Choosing between a more or less extensive neck dissection implies a tradeoff between survival, quality of life, and costs. The purpose of this study was to determine if selective neck dissection (level I–III or I–IV) is cost-effective compared with modified radical neck dissection (level I–V) in patients with cT1–2 oral squamous cell carcinoma (OSCC) with singular nodal disease confined to level I or II.Methods.
A decision-analytic model was developed to model quality-adjusted life years (QALYs) and costs over a lifetime horizon, based on literature.Results.
The selective neck dissection strategy resulted in an expected health loss of 0.06 QALY and savings of €1351 per patient compared to modified radical neck dissection. The results were sensitive to differences in regional failure probabilities between the strategies.Conclusion.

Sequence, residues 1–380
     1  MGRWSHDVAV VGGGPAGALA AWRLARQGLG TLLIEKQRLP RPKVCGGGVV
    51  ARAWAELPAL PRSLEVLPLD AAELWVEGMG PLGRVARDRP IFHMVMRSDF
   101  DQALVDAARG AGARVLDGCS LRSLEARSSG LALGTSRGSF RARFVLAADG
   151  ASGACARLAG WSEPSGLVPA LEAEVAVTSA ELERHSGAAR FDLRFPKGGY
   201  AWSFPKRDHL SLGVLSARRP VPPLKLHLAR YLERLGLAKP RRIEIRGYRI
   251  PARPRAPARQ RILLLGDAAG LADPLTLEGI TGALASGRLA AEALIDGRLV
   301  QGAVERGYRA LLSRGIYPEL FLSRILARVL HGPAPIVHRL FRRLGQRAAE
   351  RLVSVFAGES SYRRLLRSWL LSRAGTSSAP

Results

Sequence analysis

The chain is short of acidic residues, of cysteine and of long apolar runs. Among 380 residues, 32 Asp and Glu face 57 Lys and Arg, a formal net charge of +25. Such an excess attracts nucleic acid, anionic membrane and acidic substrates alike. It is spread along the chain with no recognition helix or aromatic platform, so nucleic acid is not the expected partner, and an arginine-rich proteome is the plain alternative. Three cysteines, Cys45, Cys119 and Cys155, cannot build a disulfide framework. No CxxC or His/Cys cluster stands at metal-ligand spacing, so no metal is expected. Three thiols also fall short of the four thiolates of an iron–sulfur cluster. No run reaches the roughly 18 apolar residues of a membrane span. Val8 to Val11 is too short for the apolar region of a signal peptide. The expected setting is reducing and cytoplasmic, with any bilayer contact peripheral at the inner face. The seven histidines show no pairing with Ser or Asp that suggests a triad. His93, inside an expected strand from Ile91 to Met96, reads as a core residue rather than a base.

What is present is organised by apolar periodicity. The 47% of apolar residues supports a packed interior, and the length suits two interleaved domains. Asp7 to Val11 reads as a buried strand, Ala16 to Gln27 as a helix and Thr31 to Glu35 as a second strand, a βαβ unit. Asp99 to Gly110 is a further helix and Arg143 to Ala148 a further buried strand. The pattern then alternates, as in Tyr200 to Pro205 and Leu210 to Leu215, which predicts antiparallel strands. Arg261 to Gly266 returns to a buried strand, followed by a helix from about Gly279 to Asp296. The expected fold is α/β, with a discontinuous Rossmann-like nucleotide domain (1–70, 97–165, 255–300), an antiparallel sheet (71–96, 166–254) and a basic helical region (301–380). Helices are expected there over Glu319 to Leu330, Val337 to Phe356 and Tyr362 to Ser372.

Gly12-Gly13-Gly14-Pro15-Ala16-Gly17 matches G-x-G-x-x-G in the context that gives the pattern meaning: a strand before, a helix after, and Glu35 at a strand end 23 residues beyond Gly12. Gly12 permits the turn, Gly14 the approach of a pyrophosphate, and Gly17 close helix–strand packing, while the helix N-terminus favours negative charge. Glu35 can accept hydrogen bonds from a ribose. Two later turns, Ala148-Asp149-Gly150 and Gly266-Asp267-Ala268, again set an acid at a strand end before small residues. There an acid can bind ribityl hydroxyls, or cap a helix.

With the evidence used in this model, selective neck dissection was not cost-effective compared to modified radical neck dissection. Prospective research on regional failure is needed to provide optimal treatment for patients with OSCC. © 2015 Wiley Periodicals, Inc. Head Neck37: 1762–1768, 2015